One opportunity a producer would like back.
A completed Environmental Farm Plan (EFP) won't do much good if it sits on a shelf gathering dust, says EFP technician Torsten Flyng. And one Alberta producer learned that lesson the hard way.
Upon initially completing his EFP, the producer identified an aging well as a potential problem and a high priority action item. Because the years went by and the producer didn't address the issue, the situation snowballed. Flyng says eventually the casing couldn't support the system anymore and the well collapsed, contaminating the producer's water source with silt and mud.
"What could have been mitigated was the stress involved and the last minute concerns," Flyng says, adding that, in this case, the producer was able to access Growing Forward funding which helped alleviate the cost of replacing the well. "There was the possibility that Growing Forward funding didn't work out because he had waited and it was an emergency situation."
Flyng, an EFP technician with West-Central Forage Association which encompasses the counties of Brazeau, Lac Ste. Anne, Parkland, Woodlands and Yellowhead, encourages producers to tap into the potential of their EFP as a strategic planning tool — a living document that can help manage all aspects of their farming operation. He wants to see EFP binders put "back onto the kitchen table, instead of propping it up."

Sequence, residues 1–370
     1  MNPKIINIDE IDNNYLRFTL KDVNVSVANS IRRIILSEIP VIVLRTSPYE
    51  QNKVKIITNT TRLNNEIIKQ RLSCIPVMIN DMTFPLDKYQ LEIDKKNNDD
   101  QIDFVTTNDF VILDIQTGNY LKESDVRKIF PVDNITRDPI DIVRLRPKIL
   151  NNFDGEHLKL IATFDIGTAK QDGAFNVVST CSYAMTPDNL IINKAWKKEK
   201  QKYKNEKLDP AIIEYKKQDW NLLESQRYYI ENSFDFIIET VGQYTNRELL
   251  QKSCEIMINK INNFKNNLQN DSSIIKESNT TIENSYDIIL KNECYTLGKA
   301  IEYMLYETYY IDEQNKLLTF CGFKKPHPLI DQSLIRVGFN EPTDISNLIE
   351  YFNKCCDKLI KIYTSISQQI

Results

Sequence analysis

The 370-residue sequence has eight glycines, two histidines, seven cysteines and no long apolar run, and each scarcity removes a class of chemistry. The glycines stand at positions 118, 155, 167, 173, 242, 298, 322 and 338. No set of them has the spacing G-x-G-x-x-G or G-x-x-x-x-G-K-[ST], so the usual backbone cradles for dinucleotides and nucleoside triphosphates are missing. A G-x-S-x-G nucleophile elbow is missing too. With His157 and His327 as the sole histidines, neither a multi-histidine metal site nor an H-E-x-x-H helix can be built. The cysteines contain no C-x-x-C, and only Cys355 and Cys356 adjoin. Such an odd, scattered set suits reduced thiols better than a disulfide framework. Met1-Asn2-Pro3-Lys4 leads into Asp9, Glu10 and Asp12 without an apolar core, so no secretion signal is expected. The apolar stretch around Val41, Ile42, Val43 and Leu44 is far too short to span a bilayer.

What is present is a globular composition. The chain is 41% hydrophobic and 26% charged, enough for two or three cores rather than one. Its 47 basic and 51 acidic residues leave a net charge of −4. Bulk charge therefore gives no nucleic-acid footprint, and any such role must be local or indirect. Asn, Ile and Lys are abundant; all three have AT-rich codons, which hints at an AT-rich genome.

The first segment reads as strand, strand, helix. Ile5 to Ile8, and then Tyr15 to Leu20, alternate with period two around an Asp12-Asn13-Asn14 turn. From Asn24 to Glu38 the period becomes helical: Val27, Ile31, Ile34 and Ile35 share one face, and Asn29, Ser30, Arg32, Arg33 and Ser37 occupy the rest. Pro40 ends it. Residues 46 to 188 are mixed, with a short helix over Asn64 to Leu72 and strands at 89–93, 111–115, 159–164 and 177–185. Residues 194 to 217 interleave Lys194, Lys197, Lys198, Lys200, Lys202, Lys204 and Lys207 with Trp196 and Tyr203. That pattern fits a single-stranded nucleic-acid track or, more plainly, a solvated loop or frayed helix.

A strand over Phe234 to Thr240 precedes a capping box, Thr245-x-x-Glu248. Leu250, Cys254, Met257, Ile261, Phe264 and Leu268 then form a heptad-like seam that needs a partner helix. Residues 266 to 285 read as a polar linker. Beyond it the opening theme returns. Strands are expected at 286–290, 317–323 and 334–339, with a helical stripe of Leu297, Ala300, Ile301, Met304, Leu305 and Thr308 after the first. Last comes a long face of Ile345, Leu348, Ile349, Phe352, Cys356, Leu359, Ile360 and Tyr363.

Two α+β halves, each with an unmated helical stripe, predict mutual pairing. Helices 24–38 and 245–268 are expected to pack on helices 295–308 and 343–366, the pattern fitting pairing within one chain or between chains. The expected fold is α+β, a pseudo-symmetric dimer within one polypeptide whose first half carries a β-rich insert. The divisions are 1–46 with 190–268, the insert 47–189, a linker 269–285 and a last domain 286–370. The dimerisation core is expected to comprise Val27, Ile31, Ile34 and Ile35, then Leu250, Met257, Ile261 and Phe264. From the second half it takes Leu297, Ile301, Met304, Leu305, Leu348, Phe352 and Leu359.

When used as a management tool on a regular basis, producers can grasp the full benefits of their EFP, he says. Even though unforeseen issues will always arise, the EFP helps to identify action items. By keeping that list of priorities close at hand and referring to it on a regular basis, producers will be better equipped to address those items in a timely manner.
"The producer that is able to plan into the future is the one that is able to survive the surprises," Flyng says. "If you have a strategic plan, you know what you want to do going along. The EFP fits perfectly into that, in that those action items feed into what you need to do in the future to be the optimal operation."
Although the EFP can help identify priorities, it's designed so producers control the issues they choose to address. There is no set timeline for producers to update their EFP, but Flyng suggests they look through their binders as often as monthly, striking off the action items they've addressed. Once that initial list of priority projects has been completed, he recommends starting from the beginning, doing a systemic update and adding in any new developments on the farm. This can be done every three to five years, Flyng suggests.
For example, in the case of the producer who didn't replace his well in time, that situation could have been mitigated by keeping his EFP current, he says, adding that the EFP can serve as a constant reminder of priority items.
"The EFP has a purpose and it doesn't serve its purpose if it's just sitting as a book prop or a dust collector," Flyng says. "It's an active, living document that constantly needs to be addressed and updated and changed."
More information on EFPs in Alberta is available at www.albertaefp.com.